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For a "wall of crazy" I want as a prop in an upcoming horror game I need some quite a few newspaper articles. What tools and techniques can I use to create them?

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5 Answers 5

up vote 4 down vote accepted

The classic model for a news story is:

¶ 0: headline. 1 sentence to grab reader attention. Large text, bolded. Usually 3x size of body text.
¶ 0: Byline. Who wrote it and/or what wire service sent it.
¶ 1: precis. A one paragraph overview of the most important bits. Usually 3-6 sentences.
¶ 2+: Basic story. Adds basic supports. Each sentence from ¶1 usually gets expanded to a full paragraph, sometimes 2, tho occasionally 3+, or even occasionally two sentences from ¶1 in a single paragraph
¶ X+: Commentary. Optional. If commentary is included, whether the author's or quotes, it follows the basic story.
¶ End: Reference and notes, if needed.

The Extended story format: ¶ 0: headline. 1 sentence to grab reader attention. Large text, bolded. Usually 3x size of body text.
¶ 0: Byline. Who wrote it and/or what wire service sent it.
¶ 1: precis. A one paragraph overview of the most important bits. Usually 2-6 sentences.
¶ 2+: Basic story. Actually, it's a short restatement/overview/paraphrase from the various substories' precis paragraphs.
§1: substory 1. One of the ¶1 sentences turned into a full blown story; a precis, and 2-6 paragraphs of details, plus possibly a few paragraphs of commentary...
§2+ additional sections each formatted like §1.
§End: Usually, a couple bits of opinion paragraphs, some odd bits, and/or references.

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One way that I’ve used is to take real newspapers from the time period, and replace one or two articles (in a separate layer, of course). Find a nearby font, and use the tools of your graphic editing program to age the new text to match the old text.

I used GIMP to great effect in a time-travel adventure using the “pick” tool. The basic steps were:

  • Import newspaper scan into GIMP.
  • Find some blank space near the article you want to replace, and copy as much of the blank space as you can.
  • Open a new layer. Paste the blank space over the article as many times as necessary to erase it.
  • There are crease lines that should be going into that blank space. Find some lines in the original, copy them, paste them to the new layer, and rotate them as needed.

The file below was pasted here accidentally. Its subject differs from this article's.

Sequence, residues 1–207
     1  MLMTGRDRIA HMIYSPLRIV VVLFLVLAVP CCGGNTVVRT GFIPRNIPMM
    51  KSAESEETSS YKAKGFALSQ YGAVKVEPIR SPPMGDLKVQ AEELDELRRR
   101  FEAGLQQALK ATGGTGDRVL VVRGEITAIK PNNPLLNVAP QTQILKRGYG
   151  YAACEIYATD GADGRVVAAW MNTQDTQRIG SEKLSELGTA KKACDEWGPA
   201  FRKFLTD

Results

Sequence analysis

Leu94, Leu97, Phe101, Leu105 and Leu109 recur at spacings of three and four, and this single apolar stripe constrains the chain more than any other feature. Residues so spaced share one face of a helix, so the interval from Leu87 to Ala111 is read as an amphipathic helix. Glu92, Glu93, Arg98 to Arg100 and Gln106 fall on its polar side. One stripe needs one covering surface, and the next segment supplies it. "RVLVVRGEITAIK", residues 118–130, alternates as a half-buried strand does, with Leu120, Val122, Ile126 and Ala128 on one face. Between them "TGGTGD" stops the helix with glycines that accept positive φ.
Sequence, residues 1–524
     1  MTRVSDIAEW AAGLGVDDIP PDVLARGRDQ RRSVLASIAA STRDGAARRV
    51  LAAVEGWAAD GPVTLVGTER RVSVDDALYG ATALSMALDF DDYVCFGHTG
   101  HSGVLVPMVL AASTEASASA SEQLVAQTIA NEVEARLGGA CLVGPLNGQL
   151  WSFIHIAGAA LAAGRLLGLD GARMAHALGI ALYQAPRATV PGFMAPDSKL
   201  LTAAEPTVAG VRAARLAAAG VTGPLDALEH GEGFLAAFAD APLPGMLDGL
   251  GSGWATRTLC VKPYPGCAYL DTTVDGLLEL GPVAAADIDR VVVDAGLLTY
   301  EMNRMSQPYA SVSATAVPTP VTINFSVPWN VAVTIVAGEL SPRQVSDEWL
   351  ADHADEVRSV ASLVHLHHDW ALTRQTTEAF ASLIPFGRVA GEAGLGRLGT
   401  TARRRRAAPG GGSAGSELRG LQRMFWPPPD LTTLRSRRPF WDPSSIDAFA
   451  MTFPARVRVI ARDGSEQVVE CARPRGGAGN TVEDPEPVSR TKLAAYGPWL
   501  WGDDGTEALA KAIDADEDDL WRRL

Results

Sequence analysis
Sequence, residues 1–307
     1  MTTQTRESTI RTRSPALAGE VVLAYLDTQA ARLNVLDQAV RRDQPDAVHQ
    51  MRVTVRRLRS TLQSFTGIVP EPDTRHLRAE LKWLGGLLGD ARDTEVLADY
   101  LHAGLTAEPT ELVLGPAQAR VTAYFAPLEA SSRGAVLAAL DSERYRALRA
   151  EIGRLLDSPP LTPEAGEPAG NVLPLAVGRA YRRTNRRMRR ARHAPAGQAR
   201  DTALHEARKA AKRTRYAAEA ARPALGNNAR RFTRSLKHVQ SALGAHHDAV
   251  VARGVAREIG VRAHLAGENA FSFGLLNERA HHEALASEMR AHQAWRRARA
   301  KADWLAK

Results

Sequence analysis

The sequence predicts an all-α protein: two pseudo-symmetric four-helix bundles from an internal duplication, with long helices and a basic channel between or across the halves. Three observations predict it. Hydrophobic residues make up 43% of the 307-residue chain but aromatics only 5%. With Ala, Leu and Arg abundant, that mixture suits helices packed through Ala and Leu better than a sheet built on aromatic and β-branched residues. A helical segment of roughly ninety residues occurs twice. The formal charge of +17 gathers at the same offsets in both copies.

• Find the closest font you can for the headline. In my case, it looked like the original used Metro Sans. Futura was a good substitute.
  • Find the closest font you can for the text. Times is a good bet.
  • Adjust font size & spacing to match.
  • Fade text by adjusting text layer opacity (this allows the “real” newspaper blank space that you copied to show through the “ink”).
  • Age text with Pick at “5%, repeat 1”.

There are probably as many ways to age/paperize graphic images as there are people trying it, but that worked very well for me.

Oh, and I found the newspaper pages I wanted to use in an online retrospective of the events the player characters were revisiting.

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WhatTheFont! is an invaluable resource when you want to match a font. –  SevenSidedDie Oct 10 '10 at 16:03

You might want to try and google "old newspaper generator". ;)

I ran a quick search myself and the best solution I've found (in about five minutes, wasn't a thorough exploration) is http://www.fodey.com/generators/newspaper/snippet.asp where you just have to insert a title for your newspaper, a date for your "publication" and the text for your article for the site to generate a downloadable image (with a preview.)

Hope this helps (if not the site itself, then perhaps the idea.)

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Check out the free fonts at the H.P. Lovecraft Historical Society. They are exceptionally good. Really great for period prop ephemera. Also: 1920's newspaper ingredients.

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For my Cthulhu scenarios, I take a suitable old newspaper article and change some appropriate words.

For example: I wanted a handout about a meteor landing in Scotland. Using Google, I searched for letters to the London Times about astronomical phenomena. I found something about Mars being particularly bright one night and changed the details, so it referred to a shooting star.

The advantage is that you keep all the strange turns of phrase. The Times letter, for example, had the wonderful phrase "It would have gladdened the hearts of the farmers", which stayed in my handout.

To lay it out, I usually just place it in a single column and Times New Roman font. I'll sometimes cut around it, so it appears just as a single column of text. (This is a quick and dirty method: Jerry's advice on layout is better).

Here's Wikipedia's list of online newspaper archives. I've done similar things with ecclesiastical letters, fairytales and scientific reports.

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